Water Wrights: Exchange Contractors, Aug 2 meeting.
Under legislation White reported SB 1 has to be amended. White said no one asked Newsom if he’d veto the bill if unamended during the meeting he spent with him. But Newsom has been reported by several good sources as being very aware of the train wreck SB 1 could cause the voluntary agreements – agreements Newsom is in favor of.
Minasian gave his report saying the voluntary agreements are not moving forward, backward or sideways in light of SB 1.
Oh fuck no.
Look. I don’t like the VSA’s. There are all the usual reasons. I don’t believe the districts will offer meaningful water. If there is potential habitat restoration, then it is already owed to us. The enviros aren’t being included in the negotiations, and I certainly have no faith in Bonham to represent the river.
Further, it is morally wrong for the State to be negotiating the VSA’s as it is. This might be more clear if our nations had Rights of the River, as other countries do. In that case, the river itself would have a fundamental right to exist with a living ecosystem. We don’t have that, but we do have the Public Trust. The people of the California have a right to a living, thriving river and the State has a duty to safeguard that. The VSA’s change the discussion from the primacy of the Public Trust, to bargaining within the riparian and appropriative rights system. Chris Shutes explained that here, where he writes:
[T]hese deals “preempt” a formal balancing of the public trust. They don’t start from the premise that water for the public trust is primordial and fundamentally different than water for developmental uses.
The Voluntary Settlement Agreements are an initiative by water users, aided and abetted by the California Departments of Natural Resources and Fish and Wildlife, to substitute private agreements in place of balancing the public trust. … CSPA’s fundamental disagreement with the Voluntary Settlements is that they place the system of water rights priority before the public trust; water for the public trust becomes the sloppy seconds of business as usual. The argument is with relegating the public trust to leftovers, not with the size or quality of the leftovers.
Governor Newsom understood the meaning of a fundamental right when he legalized gay marriage. He understood that when a fundamental right is at stake, it is wrong to bargain for functionally equivalent “civil unions” that could happen faster or get sued less. If he internalized the fundamental right of a river to exist (either for itself as an entity, or for the people of the State), he would understand that bargaining about it as an economic commodity is morally wrong.
So the VSA’s suck because the State is bargaining on morally faulty grounds, excluding some interests, and getting a bad bargain. Fine. We knew all that.
What I didn’t know before reading this report from the Aug 2nd Exchange Contractors meeting is that the Newsom administration is fucking up this negotiation. All other qualms aside, that first paragraph makes it clear that the water district interests think the Newsom administration want the VSA’s more than water districts do. The water districts think that the Newsom administration wants the VSA’s so badly that he will veto environmental legislation in order to get the VSA’s.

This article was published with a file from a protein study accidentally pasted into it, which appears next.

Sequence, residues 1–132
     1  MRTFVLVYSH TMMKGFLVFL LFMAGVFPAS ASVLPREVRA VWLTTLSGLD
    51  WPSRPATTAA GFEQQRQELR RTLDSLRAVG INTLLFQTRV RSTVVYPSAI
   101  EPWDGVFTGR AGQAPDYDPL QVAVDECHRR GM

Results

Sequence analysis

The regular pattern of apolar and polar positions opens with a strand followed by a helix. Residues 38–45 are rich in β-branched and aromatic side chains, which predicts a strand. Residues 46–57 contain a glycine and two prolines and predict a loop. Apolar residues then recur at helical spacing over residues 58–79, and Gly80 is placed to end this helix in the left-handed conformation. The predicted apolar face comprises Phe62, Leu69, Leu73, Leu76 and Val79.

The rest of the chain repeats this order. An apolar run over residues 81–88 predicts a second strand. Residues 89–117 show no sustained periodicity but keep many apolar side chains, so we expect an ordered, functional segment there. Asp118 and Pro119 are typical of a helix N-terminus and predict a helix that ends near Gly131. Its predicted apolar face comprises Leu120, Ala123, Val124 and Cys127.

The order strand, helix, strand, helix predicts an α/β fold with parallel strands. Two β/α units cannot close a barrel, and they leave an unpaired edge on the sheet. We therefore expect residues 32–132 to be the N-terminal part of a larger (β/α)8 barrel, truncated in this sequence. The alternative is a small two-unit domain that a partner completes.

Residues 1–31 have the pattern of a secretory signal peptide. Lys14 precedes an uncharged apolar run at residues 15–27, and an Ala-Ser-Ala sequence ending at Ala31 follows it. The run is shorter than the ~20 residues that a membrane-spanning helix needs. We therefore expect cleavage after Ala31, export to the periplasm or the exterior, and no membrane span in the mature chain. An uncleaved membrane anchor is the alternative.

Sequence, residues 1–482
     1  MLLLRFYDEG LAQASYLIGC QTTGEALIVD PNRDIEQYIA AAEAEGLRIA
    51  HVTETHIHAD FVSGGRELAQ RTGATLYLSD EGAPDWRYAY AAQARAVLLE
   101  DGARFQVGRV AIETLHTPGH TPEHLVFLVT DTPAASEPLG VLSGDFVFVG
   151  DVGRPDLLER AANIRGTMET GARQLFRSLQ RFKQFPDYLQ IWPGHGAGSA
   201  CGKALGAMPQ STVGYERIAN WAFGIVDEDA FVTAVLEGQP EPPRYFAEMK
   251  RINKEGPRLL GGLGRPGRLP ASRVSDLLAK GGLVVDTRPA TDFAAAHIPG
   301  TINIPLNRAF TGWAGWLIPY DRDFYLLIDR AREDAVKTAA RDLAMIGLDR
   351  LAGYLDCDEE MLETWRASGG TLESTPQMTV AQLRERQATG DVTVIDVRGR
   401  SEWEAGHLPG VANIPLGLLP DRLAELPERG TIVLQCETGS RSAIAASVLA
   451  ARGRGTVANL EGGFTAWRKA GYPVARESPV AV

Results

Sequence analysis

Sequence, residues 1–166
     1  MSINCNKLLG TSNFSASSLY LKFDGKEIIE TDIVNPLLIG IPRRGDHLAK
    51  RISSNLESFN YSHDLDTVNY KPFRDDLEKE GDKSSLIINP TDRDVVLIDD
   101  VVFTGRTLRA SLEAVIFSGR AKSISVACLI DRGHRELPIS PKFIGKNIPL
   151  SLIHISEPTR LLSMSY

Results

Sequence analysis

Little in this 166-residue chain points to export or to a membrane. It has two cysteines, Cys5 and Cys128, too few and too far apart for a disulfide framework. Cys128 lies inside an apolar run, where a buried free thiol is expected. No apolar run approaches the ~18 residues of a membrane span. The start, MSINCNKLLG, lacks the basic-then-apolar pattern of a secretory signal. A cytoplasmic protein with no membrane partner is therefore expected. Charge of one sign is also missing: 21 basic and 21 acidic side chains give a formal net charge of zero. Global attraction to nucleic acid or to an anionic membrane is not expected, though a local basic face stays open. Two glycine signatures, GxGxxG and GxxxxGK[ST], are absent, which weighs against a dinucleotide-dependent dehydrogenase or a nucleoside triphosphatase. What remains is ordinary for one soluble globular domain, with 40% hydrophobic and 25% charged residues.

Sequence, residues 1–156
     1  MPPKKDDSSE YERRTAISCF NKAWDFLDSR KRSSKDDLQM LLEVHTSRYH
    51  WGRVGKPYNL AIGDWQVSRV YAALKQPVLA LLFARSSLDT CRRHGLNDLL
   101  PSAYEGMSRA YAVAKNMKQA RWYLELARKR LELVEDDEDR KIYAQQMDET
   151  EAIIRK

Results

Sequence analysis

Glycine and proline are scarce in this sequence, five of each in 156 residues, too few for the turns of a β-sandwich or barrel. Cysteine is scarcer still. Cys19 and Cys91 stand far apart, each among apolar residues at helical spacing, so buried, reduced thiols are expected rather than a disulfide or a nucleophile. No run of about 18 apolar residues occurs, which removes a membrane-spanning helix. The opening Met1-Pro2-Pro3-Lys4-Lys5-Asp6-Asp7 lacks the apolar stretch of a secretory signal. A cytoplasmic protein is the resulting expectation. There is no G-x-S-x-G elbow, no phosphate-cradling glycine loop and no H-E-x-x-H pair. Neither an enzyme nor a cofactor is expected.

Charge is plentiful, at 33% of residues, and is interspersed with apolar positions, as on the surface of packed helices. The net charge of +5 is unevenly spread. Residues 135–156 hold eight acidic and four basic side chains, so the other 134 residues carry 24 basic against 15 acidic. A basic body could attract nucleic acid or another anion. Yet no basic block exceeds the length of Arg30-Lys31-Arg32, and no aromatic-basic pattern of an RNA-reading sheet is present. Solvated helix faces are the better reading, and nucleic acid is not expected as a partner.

Whoever is running these negotiations, up in Agency? You have fucked up. The only possible posture that the State could have taken is that you are dying to go ahead with the State Board’s instream flows, but out of the goodness of your heart and your sweet cooperative nature, you will give the water districts six months to make you their best possible offer. After that, you will no longer be able to restrain that rabid beast Esquivel, and the State Board will go ahead with their process.
Instead, whomever is negotiating for the State has compromised so much that the districts have accurately come to the conclusion that the administration wants the VSA’s more than they do. They have stopped being afraid the State will enforce the BATNA. So they have the Newsom administration by the balls and they’re starting to squeeze (‘you can have the VSA’s if you veto enviro legislation’). This is a complete reversal of the rightful negotiation power between the parties. The VSA’s were never a good idea, but seeing that the Newsom administration is getting played makes them that much worse.
I am afraid that the thing that the Newsom administration wants more than living rivers is a history of “deals” that they can point to when he campaigns for president in 2028. I picture Crowfoot imagining himself as Secretary of Interior and murmuring ‘the Crowfoot Compromises? Oh no, that’s too much. It’s just that I love a win-win solution so damn much.’
4 responses to “Voluntary Settlement Agreements and SB1”
Can anyone explain what in SB-1 ‘needs’ to/ can be amended to somehow safeguard the prospective VSA’s? (And while there at it, who’s the ‘White’ in the minutes on the matter) If the essential nature of SB-1 is, as Senator Atkins asserts, to provide insurance – i.e., backstops – to Trump administration rollbacks of federal resource protections rules/ whatever then what’s the connection between the prospective VSAs and Trumpian rollbacks??
Because the VSAs in essence depend on the Trump rollbacks.
good to hear from you again….I’ve missed your insight
The ‘failure’ of negotiation is intentional. Bill Lyons is coordinating and happens to be on the agribusiness side.